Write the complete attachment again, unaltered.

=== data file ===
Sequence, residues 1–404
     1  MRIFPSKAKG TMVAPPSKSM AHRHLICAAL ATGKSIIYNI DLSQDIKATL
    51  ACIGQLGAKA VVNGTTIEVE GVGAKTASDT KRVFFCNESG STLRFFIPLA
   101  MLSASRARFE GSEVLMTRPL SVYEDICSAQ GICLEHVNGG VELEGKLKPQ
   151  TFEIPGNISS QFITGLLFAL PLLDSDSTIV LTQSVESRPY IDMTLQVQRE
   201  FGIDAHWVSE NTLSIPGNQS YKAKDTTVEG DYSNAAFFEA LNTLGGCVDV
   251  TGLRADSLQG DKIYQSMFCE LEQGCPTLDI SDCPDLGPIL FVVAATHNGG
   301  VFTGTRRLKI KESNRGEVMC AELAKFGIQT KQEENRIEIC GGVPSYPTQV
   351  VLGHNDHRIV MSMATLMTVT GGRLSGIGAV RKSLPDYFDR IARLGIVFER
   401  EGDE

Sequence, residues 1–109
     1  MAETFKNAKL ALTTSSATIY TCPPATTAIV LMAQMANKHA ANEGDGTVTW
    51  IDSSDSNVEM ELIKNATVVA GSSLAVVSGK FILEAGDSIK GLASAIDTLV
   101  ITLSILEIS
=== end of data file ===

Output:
Sequence, residues 1–404
     1  MRIFPSKAKG TMVAPPSKSM AHRHLICAAL ATGKSIIYNI DLSQDIKATL
    51  ACIGQLGAKA VVNGTTIEVE GVGAKTASDT KRVFFCNESG STLRFFIPLA
   101  MLSASRARFE GSEVLMTRPL SVYEDICSAQ GICLEHVNGG VELEGKLKPQ
   151  TFEIPGNISS QFITGLLFAL PLLDSDSTIV LTQSVESRPY IDMTLQVQRE
   201  FGIDAHWVSE NTLSIPGNQS YKAKDTTVEG DYSNAAFFEA LNTLGGCVDV
   251  TGLRADSLQG DKIYQSMFCE LEQGCPTLDI SDCPDLGPIL FVVAATHNGG
   301  VFTGTRRLKI KESNRGEVMC AELAKFGIQT KQEENRIEIC GGVPSYPTQV
   351  VLGHNDHRIV MSMATLMTVT GGRLSGIGAV RKSLPDYFDR IARLGIVFER
   401  EGDE

Sequence, residues 1–109
     1  MAETFKNAKL ALTTSSATIY TCPPATTAIV LMAQMANKHA ANEGDGTVTW
    51  IDSSDSNVEM ELIKNATVVA GSSLAVVSGK FILEAGDSIK GLASAIDTLV
   101  ITLSILEIS